1

Show is better than tell, but that is not the whole of the story. What are some tried and tested ways of conveying a lot of knowledge, understanding or information - not necessarily technical - in a fairly short period of time in a novel? For example, one might have a character who likes to explain a lot, or there might be effective ways to convey knowledge or information while at the same time depicting action.

The knowledge need not have been learnt by a character or the narrator through being formally taught, even by himself. He may have learnt it through acute observation and detailed consideration and analysis, perhaps over a period of several years, perhaps without talking about it much or even at all. This would include life lessons learnt through meditation about experience. I am trying to keep this question general, but particular examples might include

  • the social geography of high streets and the factors that have determined the architecture and the range and positioning of different kinds of shops

  • skills that have been learnt largely in practice, with only a fairly small amount of formal teaching, such as the skills of salesmanship or advanced deception

  • highly honed skills of charming people

  • a solid and detailed framework for understanding certain types of social interaction or social environment that the character or narrator has conquered by himself.

Rather than just showing that a character or the narrator has this knowledge or set of skills, and how he uses them - that's if he actually does - how might we convey the knowledge to the reader fast?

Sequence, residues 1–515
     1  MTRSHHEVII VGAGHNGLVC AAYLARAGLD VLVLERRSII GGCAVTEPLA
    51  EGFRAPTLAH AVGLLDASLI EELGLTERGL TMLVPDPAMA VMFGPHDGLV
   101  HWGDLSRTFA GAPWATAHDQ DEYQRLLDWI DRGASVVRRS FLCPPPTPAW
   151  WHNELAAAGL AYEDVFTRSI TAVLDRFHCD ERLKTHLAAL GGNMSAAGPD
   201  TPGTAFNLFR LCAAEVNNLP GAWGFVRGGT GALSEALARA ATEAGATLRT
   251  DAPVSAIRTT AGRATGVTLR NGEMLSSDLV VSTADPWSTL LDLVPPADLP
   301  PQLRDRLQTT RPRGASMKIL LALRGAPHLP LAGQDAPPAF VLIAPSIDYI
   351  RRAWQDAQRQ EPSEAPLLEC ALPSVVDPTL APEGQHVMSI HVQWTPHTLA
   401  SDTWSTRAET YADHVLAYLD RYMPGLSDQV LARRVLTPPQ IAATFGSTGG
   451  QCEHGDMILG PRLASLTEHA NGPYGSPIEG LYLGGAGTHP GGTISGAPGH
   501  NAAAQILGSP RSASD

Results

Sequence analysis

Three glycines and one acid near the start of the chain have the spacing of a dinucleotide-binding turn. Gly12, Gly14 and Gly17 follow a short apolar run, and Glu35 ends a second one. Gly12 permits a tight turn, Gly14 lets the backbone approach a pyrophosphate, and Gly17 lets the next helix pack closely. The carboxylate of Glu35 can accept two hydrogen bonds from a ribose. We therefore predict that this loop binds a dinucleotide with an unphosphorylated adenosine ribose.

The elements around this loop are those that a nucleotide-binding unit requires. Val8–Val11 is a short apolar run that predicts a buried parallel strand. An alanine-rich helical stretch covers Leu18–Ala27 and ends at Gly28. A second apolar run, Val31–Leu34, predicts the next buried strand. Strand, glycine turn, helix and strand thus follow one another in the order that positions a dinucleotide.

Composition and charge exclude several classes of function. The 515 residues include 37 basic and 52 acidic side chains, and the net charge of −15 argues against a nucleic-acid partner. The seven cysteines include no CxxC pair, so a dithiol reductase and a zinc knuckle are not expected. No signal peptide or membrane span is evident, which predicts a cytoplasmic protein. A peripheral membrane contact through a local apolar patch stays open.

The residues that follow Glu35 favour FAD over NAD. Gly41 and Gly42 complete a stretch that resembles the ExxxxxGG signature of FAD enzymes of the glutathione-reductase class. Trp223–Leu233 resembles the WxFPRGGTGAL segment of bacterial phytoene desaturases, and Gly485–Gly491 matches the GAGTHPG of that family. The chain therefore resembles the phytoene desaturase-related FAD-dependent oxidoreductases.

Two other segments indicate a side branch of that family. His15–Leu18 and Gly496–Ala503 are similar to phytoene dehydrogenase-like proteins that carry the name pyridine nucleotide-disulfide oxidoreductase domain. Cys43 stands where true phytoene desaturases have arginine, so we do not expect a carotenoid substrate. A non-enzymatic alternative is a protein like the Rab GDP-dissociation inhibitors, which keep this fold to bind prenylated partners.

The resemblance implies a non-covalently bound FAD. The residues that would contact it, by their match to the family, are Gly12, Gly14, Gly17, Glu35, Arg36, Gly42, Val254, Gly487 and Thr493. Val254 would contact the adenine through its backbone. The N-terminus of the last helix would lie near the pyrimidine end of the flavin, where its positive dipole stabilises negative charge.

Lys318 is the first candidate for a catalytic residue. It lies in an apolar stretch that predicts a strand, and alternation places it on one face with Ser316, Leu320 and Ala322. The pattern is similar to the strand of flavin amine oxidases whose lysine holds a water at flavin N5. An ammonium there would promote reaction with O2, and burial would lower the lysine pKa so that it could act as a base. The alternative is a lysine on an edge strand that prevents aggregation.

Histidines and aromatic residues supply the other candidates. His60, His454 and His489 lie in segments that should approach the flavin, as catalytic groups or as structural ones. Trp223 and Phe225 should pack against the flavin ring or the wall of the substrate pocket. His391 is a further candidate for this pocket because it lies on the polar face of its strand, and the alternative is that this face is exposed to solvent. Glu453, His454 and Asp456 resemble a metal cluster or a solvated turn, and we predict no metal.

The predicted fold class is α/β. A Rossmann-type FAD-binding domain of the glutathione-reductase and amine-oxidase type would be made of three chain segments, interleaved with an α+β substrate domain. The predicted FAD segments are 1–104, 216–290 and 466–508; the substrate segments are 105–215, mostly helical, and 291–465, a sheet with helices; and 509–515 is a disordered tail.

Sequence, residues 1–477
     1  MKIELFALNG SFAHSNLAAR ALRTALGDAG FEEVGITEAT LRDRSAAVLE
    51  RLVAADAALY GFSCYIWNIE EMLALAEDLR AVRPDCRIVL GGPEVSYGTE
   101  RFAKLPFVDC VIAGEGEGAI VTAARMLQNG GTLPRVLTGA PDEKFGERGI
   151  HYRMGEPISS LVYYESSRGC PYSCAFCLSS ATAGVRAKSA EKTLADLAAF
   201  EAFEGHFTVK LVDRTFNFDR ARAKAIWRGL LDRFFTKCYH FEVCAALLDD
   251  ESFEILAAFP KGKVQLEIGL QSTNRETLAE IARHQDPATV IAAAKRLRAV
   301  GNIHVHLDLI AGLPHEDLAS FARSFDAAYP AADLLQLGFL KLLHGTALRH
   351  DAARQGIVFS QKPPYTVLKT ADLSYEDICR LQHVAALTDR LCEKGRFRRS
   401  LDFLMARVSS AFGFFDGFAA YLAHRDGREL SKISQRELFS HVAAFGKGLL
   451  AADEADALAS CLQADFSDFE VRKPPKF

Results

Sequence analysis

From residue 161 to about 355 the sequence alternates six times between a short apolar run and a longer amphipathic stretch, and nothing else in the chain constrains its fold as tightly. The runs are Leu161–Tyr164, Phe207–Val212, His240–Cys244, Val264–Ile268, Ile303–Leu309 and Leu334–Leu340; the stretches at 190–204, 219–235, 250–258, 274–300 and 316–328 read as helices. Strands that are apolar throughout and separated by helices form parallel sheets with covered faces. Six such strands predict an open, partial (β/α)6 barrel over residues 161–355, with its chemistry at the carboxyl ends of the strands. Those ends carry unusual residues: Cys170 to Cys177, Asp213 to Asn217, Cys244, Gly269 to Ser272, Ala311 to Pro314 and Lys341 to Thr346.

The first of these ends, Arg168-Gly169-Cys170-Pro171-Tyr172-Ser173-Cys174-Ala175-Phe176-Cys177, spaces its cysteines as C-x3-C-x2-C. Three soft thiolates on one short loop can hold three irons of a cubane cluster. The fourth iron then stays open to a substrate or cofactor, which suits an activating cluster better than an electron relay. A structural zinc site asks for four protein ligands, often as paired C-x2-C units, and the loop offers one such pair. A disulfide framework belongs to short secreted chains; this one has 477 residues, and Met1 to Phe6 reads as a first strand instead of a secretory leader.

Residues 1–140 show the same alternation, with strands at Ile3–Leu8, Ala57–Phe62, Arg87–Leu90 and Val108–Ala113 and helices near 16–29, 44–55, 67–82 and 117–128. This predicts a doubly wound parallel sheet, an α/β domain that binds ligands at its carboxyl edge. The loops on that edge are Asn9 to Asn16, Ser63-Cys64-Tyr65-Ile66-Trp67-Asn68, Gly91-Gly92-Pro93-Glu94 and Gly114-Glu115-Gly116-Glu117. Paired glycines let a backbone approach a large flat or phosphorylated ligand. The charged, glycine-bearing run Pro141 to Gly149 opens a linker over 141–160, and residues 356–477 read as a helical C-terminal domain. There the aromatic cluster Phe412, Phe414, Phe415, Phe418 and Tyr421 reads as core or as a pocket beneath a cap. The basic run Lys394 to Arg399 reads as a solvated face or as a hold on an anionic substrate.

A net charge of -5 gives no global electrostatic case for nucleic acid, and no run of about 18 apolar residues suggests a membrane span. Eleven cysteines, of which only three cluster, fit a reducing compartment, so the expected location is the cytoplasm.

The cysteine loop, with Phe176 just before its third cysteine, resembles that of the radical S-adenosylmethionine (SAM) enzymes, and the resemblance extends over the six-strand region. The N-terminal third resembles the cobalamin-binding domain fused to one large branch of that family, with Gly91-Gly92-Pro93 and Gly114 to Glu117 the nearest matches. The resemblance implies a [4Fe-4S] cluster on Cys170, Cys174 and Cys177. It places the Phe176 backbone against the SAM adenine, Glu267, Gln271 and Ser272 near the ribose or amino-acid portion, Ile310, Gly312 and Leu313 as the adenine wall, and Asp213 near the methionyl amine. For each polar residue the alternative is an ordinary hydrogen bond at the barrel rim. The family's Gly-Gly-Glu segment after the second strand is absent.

• 1
    Hi, and welcome to Writers. Search for the term "Cabbagehead" on this site and you'll find a lot of useful answers. – Lauren Ipsum Aug 27 '16 at 12:30
3

One way that you can use that is by creating a scene where the teachings have been used - in action. You could have the main character (MC) reminisce to the teacher's teachings as he tries to resolve the problem.

For e.g. If your teacher is a bomb disposal expert, the MC could walk into a mall where a bomb has been planted. As he tries to defuse the bomb. he would think about (flashback to) what his teacher has taught him, what to do and what not do.

  • 1
    Thanks for this. (I would upvote but haven't got enough points.) I think I have misled you by using the words "teach" and "information", or at least by not glossing them. I will amend the question. – user21247 Aug 27 '16 at 12:24
0

No, I don’t think there is really one.

Lots of Information, “teaching” = Technical Writing.

In fiction the "teacher"character quickly becomes contrived and pedantic. The reader will become bored and drop the story.

Though you can illustrate some of the teachings through the character’s direct experience. I think this Q is linked to technical subjects - non-fiction vs fiction

  • Thanks for this, and for the link to the other question, to which the first answer in particular is indeed interesting and helpful. But unlike its asker I didn't necessarily mean technical knowledge, or knowledge that a character or the narrator has learnt through being formally taught, even by himself. He may have learnt the knowledge through detailed consideration and analysis, perhaps over a period of several years, perhaps without talking about it much or even at all. This would include life lessons learnt through meditation upon experience. (I would upvote but haven't got enough points.) – user21247 Aug 27 '16 at 12:22